• ‘I am not a celeb but as luck would have it, I have friends living across a wide geographical stretch.’
      • ‘He could feel Tyna lift her head up from her awkward position across her shoulder.’
      • ‘In many ways the local authority has its hands tied and is in the same unenviable position as councils across the country.’
      • ‘Attacks on buses are being logged, and police are involved in operations across the area aimed at clamping down on the thugs.’
      • ‘This led to flooding across many areas of agricultural land, leaving potato crops in ruin.’
      • ‘Mr Howard has effectively written off the party's chances of winning seats in urban areas across the north of England.’
      • ‘In this way it hopes to boost living standards across a broad swathe of poor rural society.’
      • ‘He had a gold earring in his right ear, and a tiny scar across the bridge of his nose.’
      • ‘Coun Powell said people living across the river from the gypsy camp had complained of being kept awake by noise from generators.’
      • ‘To the east the magnificent new bridge stretches across the Oresund Sea to Malmo in Sweden.’
      • ‘Out of the corner of my eye I can see CCTV's main camera lock on to my position from across the road.’
      on the other side of, over, beyond, past
      on the other side of, over, beyond, past
      View synonyms
    3. 1.3[as adverb] Used with an expression of measurement.
      ‘can grow to 4 feet across’
      • ‘At about three feet in height and two feet across, it fits into the garden almost anywhere.’
      • ‘A high resolution camera will also sweep the surface, resolving details as small as two metres across.’
      • ‘The other is lighter in colour, oval, about two feet across and has two indentations ground into its centre.’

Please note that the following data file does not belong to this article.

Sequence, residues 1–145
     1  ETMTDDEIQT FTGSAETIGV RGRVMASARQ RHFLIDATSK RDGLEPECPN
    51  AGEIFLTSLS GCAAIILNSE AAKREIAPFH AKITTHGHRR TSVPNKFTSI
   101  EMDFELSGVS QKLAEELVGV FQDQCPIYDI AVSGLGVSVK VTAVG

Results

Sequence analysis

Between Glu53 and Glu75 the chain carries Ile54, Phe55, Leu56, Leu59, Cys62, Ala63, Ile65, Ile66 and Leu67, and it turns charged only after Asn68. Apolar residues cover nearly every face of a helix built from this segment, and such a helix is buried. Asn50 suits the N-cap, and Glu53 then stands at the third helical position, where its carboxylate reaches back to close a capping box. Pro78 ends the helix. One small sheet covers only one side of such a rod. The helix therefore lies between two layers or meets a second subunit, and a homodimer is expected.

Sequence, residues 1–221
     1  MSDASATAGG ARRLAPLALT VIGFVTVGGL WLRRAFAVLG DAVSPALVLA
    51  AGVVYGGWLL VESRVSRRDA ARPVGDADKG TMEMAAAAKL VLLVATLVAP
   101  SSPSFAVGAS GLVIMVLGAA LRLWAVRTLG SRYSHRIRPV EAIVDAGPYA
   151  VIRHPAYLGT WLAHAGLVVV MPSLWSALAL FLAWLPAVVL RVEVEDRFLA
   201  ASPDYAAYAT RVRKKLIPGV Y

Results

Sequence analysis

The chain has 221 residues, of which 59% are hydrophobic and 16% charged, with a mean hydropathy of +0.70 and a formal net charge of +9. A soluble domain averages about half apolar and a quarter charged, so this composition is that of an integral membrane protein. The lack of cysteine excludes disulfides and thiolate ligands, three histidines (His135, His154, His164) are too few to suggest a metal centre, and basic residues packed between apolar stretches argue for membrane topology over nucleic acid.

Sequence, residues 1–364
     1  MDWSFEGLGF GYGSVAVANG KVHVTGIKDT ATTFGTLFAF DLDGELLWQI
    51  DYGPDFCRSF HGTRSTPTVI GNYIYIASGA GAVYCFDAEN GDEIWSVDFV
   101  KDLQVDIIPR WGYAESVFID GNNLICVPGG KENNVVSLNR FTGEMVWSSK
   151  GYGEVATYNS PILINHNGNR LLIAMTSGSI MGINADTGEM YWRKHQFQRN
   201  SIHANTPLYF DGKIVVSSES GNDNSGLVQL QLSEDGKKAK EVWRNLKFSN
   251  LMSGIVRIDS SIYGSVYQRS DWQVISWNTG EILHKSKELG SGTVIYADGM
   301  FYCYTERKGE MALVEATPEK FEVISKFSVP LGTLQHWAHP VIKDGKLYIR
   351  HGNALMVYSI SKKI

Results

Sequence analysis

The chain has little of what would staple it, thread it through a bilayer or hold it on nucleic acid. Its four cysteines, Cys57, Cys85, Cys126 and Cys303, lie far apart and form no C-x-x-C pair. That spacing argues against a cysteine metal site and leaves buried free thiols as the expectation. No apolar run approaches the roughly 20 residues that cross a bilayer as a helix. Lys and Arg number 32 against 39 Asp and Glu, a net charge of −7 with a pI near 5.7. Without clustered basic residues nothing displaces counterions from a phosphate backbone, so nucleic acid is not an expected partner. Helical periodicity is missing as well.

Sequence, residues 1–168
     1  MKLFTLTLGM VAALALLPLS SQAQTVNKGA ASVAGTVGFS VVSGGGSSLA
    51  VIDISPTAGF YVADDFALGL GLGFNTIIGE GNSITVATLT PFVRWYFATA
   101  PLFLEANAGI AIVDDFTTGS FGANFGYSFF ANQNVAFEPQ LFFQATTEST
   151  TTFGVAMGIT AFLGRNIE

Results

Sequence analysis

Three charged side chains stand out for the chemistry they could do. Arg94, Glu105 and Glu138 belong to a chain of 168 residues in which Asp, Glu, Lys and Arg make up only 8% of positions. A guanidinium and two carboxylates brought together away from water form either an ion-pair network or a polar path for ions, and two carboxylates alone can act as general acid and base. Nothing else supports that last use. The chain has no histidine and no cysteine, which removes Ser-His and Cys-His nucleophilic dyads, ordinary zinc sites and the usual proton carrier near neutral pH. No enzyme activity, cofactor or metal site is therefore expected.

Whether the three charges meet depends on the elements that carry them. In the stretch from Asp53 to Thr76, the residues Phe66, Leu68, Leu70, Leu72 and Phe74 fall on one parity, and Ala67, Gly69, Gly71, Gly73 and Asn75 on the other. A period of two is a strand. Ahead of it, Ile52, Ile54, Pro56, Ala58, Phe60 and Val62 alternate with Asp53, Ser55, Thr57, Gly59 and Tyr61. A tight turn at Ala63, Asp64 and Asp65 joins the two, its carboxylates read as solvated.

• ‘He proposes to build a stone cairn six or seven feet high and 12 to 14 feet across, either inside the fold or next to it.’
      • ‘It measured 670 feet across and depicted a chain of crescents around a central circle.’
      • ‘In my memory the selected shell was about a foot across and 6 inches deep, the oyster inside a monster of the deep.’
      • ‘The arrays will hold four dishes measuring approximately seven feet across.’
      • ‘There was a gouge three foot across where the anchor had been winched up, ripping corals out with it.’
      • ‘Could a bird that is said to be 20 metres across be able to escape detection for so long?’
      • ‘But those pincers could grow three or four times as big, on the end of arms five feet long, and bodies nine feet across.’
      • ‘Mr Mitchell said it was the ideal place to hold his first exhibition, which features paintings up to ten feet across.’
      • ‘Douglas designed two reflection pools, about half a metre across and made of slate.’
      • ‘Think of us as a bullseye the size of a quarter in the middle of a target 11 feet across.’
      • ‘In fact, there was so much food that special tables were made for the occasion, about two metres across.’
      • ‘The hole was about eighteen feet across and lay just over the rim of a low hill that rose in a long gentle slope from the side of our farm.’
      • ‘They were standing inside a large circle, probably measuring about one hundred feet across.’
      • ‘The set was dominated by a grid of windmills, each a metre across.’
      • ‘It was about fifteen feet high, and fifteen feet across, in the shape of a huge block.’
      • ‘Young men in white shirts and red sashes grasped each other round the shoulders to form a ring fifteen feet across.’
      • ‘Once in a while, the funnel of air drops from the sky - it can be as narrow as a few metres across or as wide as two kilometres.’
    4. 1.4[as adverb] With reference to a crossword puzzle answer that reads horizontally.
      ‘19 across’
      • ‘(1 across) The perfect source of digital interactive television.’

Origin

Middle English (as an adverb meaning in the form of a cross): from Old French a croix, en croix in or on a cross later regarded as being from a- + cross.

Pronunciation

across

/əˈkräs//əˈkrôs/